I do apply it without heat, let it sit overnight and then buff it out on the topside, on the underside I just leave it in place.

    According to the MSDS, SnoSeal is ~65% Wax, ~35% Mineral Spirits (http://www.setonresourcecenter.com/m...6/wcd006ee.htm)
    Last edited by dobber; 11-16-07 at 03:46 PM.
    This is Africa, 1943. War spits out its violence overhead and the sandy graveyard swallows it up. Her name is King Nine, B-25, medium bomber, Twelfth Air Force. On a hot, still morning she took off from Tunisia to bomb the southern tip of Italy. An errant piece of flak tore a hole in a wing tank and, like a wounded bird, this is where she landed, not to return on this day, or any other day.

  24. #24
    jcm
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    Quote Originally Posted by littlewaywelt View Post
    I've seen it first hand on countless pieces of leather. Snoseal is 100% junk. It has solvents in it. It was ok 20 years ago, but today there are vastly better products on the market that last longer and do a far better job and are safer for the leather.
    I respectfully disagree. SnoSeal is almost completely beeswax. The trace parafins it contains are there to keep it in a soft and spreadable consistency so it can be used cold.

    Beeswax is indeed an old leather treatment compound. It was undoubtably used with tallow on Roman shields as a water resistive coating. Their shields were plywood, covered with leather, and hand painted to record battles and other events that the owner wanted to preserve in honor. They picked an excellent product.

    Beeswax is almost inert in it's effect upon leather fibers. That is, it cannot soften or condition the leather, no matter what the ads say. The verbage is just marketing because evryone wants something that says it "conditions and preserves".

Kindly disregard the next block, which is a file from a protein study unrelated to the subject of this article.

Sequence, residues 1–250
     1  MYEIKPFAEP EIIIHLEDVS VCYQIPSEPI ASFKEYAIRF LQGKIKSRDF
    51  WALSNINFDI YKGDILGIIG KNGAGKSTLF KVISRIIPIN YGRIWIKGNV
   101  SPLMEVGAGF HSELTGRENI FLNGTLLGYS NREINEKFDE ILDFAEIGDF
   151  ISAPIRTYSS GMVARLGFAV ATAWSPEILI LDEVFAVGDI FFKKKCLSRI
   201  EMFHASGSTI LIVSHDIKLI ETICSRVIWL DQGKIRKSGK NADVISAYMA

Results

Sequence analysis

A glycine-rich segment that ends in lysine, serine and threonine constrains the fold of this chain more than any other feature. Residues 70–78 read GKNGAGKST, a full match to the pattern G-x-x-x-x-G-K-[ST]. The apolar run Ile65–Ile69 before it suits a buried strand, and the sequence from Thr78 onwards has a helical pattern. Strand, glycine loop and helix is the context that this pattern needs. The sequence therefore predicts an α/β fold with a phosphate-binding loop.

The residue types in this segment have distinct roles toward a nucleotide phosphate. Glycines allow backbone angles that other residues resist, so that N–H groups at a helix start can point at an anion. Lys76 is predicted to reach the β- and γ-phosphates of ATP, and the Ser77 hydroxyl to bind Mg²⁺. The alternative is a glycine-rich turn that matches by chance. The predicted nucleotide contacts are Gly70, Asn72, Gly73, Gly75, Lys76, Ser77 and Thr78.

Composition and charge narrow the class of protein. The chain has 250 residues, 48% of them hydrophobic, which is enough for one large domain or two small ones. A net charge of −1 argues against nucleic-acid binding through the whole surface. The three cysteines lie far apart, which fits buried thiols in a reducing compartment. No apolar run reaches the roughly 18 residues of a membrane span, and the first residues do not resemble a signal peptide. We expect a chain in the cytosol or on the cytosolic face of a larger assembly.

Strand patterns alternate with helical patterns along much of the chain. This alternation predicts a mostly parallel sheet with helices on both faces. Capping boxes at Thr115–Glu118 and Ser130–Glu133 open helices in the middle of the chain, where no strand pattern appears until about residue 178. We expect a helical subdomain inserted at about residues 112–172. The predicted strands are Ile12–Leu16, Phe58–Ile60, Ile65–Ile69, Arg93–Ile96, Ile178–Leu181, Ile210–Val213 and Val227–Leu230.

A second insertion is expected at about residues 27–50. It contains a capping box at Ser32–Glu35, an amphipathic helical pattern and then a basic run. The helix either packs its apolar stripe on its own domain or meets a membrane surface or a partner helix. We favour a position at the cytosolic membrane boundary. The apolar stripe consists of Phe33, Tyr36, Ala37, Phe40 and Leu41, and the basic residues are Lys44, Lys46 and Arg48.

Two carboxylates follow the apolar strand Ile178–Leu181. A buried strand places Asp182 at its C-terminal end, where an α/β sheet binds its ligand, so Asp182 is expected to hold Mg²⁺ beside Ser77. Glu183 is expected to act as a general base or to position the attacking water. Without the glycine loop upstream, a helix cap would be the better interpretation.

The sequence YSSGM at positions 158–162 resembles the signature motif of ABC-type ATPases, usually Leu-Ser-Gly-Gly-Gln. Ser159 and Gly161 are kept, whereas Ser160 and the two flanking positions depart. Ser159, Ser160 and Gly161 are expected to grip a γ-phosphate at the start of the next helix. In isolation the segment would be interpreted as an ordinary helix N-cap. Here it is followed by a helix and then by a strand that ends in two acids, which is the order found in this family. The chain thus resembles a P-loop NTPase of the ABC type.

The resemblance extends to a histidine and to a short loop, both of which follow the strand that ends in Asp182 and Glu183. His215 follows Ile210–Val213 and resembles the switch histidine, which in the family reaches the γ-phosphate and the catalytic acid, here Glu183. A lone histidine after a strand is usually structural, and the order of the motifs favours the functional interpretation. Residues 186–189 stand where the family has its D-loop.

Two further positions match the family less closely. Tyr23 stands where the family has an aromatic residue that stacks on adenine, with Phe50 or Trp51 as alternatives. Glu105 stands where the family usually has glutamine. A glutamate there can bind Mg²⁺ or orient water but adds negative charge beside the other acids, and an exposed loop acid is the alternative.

A new Brooks needs neither.

    SnoSeal is a topical water-resistant coating when applied cold. When applied to a warm saddle out of the oven, it penetrates deeply and does coat the fibers with wax. To say it seals the leather from any future applications of some type of conditioner is essentially correct. However, a saddle thus treated retains all of it's structural ridigity and is as water resistant as you can get while avoiding the unpredictable pitfalls of drenching the leather in oils.

    The latter can give good results at first, but may - I say may - cause the leather to sag beyond the ability of the tensioner to alleviate. This can happen just when it begins to feel fine, then, over a warm summer some months in the future, you begin to lose the form and wonder why it sags so much. Oils don't quit working, that's the risk. Often, we figure if a little is good, then alot must be better. I caution against oils. Even Proofide can be over done.

    Professional saddlers are divided on their opinions about beeswax on leather these days, not because it is a bad product, but because there are other options. One thing they most all agree on is that silicones are to be avoided. Fine for jackets, purses, dress shoes, etc. but not for working leather.
    Last edited by jcm; 11-16-07 at 03:55 PM.

  25. #25
    Perineal Pressurized dobber's Avatar
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    Quote Originally Posted by jcm View Post
    Oils don't quit working, that's the risk. Often, we figure if a little is good, then alot must be better. I caution against oils. Even Proofide can be over done.
    Agreed. We're trying to protect the leather, not make it more pliable. Repeated soaking with anything will hasten the demise of the saddle.
    This is Africa, 1943. War spits out its violence overhead and the sandy graveyard swallows it up. Her name is King Nine, B-25, medium bomber, Twelfth Air Force. On a hot, still morning she took off from Tunisia to bomb the southern tip of Italy. An errant piece of flak tore a hole in a wing tank and, like a wounded bird, this is where she landed, not to return on this day, or any other day.